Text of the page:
Petitions for an anti-fracking charter amendment were given to the city’s clerk of council
By David Skolnick
Members of a group wanting to ban fracking in the city said if their second effort, on the Nov. 5 ballot, fails, they’ll be back again and again.
The Youngstown Community Bill of Rights Committee submitted petitions Monday to the clerk of council for review, as is required under city law, before it goes to the Mahoning County Board of Elections to get certified to the ballot.
The group needs petitions with at least 1,562 signatures. The group submitted about 2,450 signatures Monday, said Susie Beiersdorfer, a committee member and the Green Party candidate for city-council president. The signatures were collected in one month, she said.
City voters in May rejected a similar charter amendment 56.85 percent to 43.15 percent.
If it is rejected again, the anti-fracking issue won’t go away “until we win, until we have our right to local control,” Beiersdorfer said. “We’re in it for the long haul. Also, we’re working on the state level [on laws] that took away local control.”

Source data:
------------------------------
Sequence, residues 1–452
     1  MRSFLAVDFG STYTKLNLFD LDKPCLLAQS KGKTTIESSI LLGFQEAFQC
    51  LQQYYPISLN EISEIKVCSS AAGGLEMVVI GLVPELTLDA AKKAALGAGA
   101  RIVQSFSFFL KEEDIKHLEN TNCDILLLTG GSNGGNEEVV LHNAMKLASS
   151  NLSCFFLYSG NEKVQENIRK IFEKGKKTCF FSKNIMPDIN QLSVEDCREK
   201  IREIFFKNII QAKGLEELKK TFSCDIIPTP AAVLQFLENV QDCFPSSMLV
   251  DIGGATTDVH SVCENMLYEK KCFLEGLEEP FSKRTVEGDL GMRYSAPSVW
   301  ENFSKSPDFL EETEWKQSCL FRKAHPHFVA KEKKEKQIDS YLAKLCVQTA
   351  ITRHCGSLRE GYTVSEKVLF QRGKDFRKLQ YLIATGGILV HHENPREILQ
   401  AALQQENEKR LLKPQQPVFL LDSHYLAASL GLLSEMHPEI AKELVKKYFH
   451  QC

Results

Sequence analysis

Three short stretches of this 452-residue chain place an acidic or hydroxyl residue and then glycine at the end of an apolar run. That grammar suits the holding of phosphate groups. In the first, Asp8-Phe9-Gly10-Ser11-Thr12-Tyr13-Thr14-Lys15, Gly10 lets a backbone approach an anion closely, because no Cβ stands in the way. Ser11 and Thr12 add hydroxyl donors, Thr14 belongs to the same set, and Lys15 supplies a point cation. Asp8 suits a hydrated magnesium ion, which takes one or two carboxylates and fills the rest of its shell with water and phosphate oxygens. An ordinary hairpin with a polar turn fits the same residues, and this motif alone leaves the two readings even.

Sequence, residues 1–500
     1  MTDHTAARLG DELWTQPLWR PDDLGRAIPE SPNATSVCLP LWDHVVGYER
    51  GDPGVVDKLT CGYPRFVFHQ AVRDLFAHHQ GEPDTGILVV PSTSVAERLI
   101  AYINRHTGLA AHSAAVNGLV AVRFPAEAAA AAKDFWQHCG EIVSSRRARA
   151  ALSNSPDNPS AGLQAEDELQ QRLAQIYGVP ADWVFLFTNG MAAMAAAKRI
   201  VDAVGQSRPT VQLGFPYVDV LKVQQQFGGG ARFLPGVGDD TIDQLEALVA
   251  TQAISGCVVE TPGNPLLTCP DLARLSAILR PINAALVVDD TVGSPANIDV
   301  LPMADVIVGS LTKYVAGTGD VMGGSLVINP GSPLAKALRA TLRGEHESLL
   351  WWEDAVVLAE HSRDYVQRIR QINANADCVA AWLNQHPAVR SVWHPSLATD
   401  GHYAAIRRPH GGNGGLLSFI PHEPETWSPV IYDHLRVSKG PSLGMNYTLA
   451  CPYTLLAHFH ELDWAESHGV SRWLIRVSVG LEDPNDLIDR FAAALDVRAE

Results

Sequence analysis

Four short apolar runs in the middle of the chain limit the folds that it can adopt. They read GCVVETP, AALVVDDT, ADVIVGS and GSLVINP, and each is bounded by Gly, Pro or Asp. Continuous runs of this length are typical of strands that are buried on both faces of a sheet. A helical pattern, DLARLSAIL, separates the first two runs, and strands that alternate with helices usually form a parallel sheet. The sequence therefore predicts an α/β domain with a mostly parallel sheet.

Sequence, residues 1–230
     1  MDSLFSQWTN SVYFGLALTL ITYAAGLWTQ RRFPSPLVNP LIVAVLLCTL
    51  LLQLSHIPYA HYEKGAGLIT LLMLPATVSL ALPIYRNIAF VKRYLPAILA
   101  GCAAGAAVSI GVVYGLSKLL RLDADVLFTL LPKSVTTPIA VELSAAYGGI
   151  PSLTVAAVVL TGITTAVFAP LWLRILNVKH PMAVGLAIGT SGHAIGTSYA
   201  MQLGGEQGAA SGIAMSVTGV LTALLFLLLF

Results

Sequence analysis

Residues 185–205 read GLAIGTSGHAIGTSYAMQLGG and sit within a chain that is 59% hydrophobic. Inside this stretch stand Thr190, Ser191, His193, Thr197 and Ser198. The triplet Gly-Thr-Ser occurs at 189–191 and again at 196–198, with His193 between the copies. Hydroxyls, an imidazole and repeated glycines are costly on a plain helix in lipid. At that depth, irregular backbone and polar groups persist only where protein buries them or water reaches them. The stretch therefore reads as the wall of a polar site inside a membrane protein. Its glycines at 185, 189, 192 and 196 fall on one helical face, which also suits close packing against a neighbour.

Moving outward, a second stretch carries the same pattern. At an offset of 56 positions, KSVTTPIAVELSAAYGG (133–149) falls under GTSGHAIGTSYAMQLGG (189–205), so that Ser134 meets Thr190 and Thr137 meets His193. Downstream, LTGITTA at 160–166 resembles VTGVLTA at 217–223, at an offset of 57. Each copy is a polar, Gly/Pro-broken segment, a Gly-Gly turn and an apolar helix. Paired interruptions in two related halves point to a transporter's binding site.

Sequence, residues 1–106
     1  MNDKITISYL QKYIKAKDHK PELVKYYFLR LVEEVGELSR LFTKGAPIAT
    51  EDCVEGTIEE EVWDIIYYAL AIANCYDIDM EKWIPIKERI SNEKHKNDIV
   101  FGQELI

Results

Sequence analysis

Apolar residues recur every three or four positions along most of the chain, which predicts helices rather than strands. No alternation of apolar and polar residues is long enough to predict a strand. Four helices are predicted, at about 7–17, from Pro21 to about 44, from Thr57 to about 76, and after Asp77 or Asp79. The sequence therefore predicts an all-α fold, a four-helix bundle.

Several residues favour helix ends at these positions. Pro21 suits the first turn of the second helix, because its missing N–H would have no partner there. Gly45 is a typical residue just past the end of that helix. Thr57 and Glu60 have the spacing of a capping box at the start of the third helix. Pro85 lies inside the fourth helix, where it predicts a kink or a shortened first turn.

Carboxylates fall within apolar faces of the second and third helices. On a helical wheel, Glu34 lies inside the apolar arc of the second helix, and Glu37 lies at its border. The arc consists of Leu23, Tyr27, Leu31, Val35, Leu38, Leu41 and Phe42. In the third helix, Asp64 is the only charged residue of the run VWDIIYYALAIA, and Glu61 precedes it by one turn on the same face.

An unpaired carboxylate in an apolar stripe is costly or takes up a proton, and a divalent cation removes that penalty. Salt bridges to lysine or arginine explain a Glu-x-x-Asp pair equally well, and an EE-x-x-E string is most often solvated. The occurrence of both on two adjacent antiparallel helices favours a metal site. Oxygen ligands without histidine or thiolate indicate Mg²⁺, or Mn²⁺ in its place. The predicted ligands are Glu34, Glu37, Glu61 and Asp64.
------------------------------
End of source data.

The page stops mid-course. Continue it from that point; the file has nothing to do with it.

A lack of “local control” is the reason opponents to the charter amendment say the proposal is unenforceable even if it passes.
The state has complete control over regulating gas and oil drilling, officials with the Ohio Department of Natural Resources have said several times.
The bill includes one change in language compared with the one rejected in May. It exempts manufactured products, including the sale of components and materials used in gas and oil exploration, from the proposed ban. That would include the seamless pipes manufactured at the $1.1 billion Vallourec Star expansion facility.
“This is not about killing jobs,” said Lynn Anderson, a committee member.
Members of the Mahoning Valley Coalition for Job Growth — a group of business and labor officials, attorneys and politicians that oppose the charter amendment — say even with the change, the language is too broad and unconstitutional. The coalition asked voters July 30 to not sign petitions to get the initiative on the Nov. 5 ballot.
The Youngstown Community Bill of Rights Committee will start a “public-awareness” campaign with a town-hall-style meeting at 7 p.m. Wednesday at The First Unitarian Universalist Church of Youngstown, 1105 Elm St. Committee members will address drilling issues and answer questions about fracking and its proposal. The committee also is inviting opponents of its proposal to discuss the issue at the meeting.